Neighborhood analytics platform gives city insights into its own data
- By Stephanie Kanowitz
Officials in High Point, N.C., are combining datasets from across the city, using custom algorithms to analyze them and reviewing the resulting visualizations to identify and predict areas with properties that aren’t up to code.
After a 2016 study showed that 10 percent of the city's homes were vacant and 20 percent of the city’s properties consisted of empty lots, officials realized they had the basis for a strategy, but they needed more information before they could spend money and staff time on a solution. They found help in Tolemi’s cloud-based BuildingBlocks that analyzes a government’s own data and enables users to create reports that can help with decision making. Last month, the company won a Partners in Innovation award from Amazon Web Services’ City on a Cloud Innovation Challenge.
The subscription-based, hosted solution, whose price depends on population size, combines the city's data on taxes, crime, education, utilities and more, said Tolemi cofounder Andrew Kieve. The missing link is the layer of insight on top of it, he added.
First, the company consults with the city on what datasets would be most useful for its particular objective. The data integration phase follows, and the time it takes depends on the format and source of the available data – open data portals or spreadsheets, for instance, Kieve said. To make that easier, the company built out-of-the-box integration with government systems so they can hook into any database or system.
“We can just spin up a cloud-based file-sharing site or even an FTP portal and actually have them place that data there, and we can go get it on a regular basis,” he said.
The system puts the data into the company’s data store and maps it to Tolemi’s standards. “We basically write a script in our back-end application that pulls the data from that raw data store into our production database, and then we push it live,” he said. “What the city sees is the web-based application that allows them to query that data and run analytics on top of it.”
On average, it takes about two months to fully deploy and automate the application. As more cities sign on -- Tolemi has clients in more than 50 -- the company is standardizing parcel data, potentially expediting the setup process. But the mapping and city data will always be location-specific, Kieve said.
“We use this catchphrase around here now: Is the data actionable? Can we do anything with it?" said Michael McNair, director of High Point’s Community Development and Housing Department. "That’s what we’re trying to do -- generate actionable data that we can then make decisions off of.”
High Point has 54,000 parcels, but in terms of blight, the housing department might be interested in a small fraction of those. “We’ve got to find the right ones,” McNair said.
To do that, BuildingBlocks compares data on which properties have had their utilities off for six months, the number of calls from an area to the police department and tax delinquency records. “You find properties that have all those three in common, you probably have a substandard property,” he said. “Those become the ones that you can proactively go out and look at, rather than waiting for someone to call you.”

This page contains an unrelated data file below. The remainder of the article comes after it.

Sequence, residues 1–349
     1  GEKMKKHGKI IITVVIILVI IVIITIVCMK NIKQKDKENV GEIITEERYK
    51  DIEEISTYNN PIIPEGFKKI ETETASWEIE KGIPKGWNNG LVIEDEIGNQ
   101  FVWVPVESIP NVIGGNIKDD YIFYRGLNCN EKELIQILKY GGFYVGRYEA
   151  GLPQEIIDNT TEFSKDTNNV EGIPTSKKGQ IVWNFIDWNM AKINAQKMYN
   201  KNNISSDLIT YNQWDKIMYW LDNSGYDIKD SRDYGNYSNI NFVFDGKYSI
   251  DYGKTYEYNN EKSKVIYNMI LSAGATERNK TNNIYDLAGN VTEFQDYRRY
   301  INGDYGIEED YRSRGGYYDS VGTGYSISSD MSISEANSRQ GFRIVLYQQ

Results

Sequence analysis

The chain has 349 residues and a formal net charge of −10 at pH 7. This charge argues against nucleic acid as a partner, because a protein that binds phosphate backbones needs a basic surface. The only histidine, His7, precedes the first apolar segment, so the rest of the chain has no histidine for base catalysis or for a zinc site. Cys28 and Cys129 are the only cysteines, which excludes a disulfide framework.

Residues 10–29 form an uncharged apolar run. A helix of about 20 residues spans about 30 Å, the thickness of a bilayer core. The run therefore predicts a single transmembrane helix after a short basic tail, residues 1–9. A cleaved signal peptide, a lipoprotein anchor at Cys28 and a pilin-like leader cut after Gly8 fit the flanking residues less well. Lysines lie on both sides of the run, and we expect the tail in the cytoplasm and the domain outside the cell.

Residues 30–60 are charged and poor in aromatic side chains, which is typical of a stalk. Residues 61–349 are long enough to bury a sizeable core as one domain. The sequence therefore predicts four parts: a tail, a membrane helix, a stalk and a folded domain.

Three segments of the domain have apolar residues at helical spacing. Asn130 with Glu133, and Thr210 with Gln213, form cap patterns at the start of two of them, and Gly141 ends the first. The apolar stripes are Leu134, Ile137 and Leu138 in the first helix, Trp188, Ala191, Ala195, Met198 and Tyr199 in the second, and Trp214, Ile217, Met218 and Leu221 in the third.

“What’s also nice is we receive phone calls from areas that might not pop up on the application. We can look at the data that’s behind that, and we can add that to the BuildingBlocks application and we can enhance it,” High Point GIS Manager Tom Tricot added. “We’re able to find patterns in the data that we weren’t able to before, when we were dealing with strictly a reactive environment. This has really enabled us to be proactive with the way that we approach where we put the resources.”
For example, the city’s Center for Community Progress helped the department see that collection of nuisance liens was becoming a problem; almost 900 had not been collected, and 600 of those property owners were up-to-date on taxes but not liens. The department used BuildingBlocks to identify those properties and their owners and sent the list to Guilford County, in which the city resides.
“We sent them a list totaling $966,000,” McNair said. “We asked the county to put that on the tax bill. (The county previously had agreed to do that.) When the tax bill goes out, the city’s lien will be on there. Hopefully we’ll get a higher collection rate.”
Another benefit of BuildingBlocks is greater interdepartmental interaction, he added. Since departments need to share their data to make the platform work, it’s knocking down stovepipes. “It’s actually changing our organizational culture,” McNair said. “These data strings are coming from individual departments, so now we know they understand this is the city’s data, this is not the department’s data, which makes us all work together in ways we had not in the past.”
The city plans to expand its use of BuildingBlocks, ultimately allowing all departments to use it for their own needs. “Any data you can get that has a spatial context to it, whether that be an address, whether that be a piece of property or a neighborhood, basically anything that could be in a GIS -- a geographic information system – can be made to apply to this application,” Tricot said.
Stephanie Kanowitz is a freelance writer based in northern Virginia.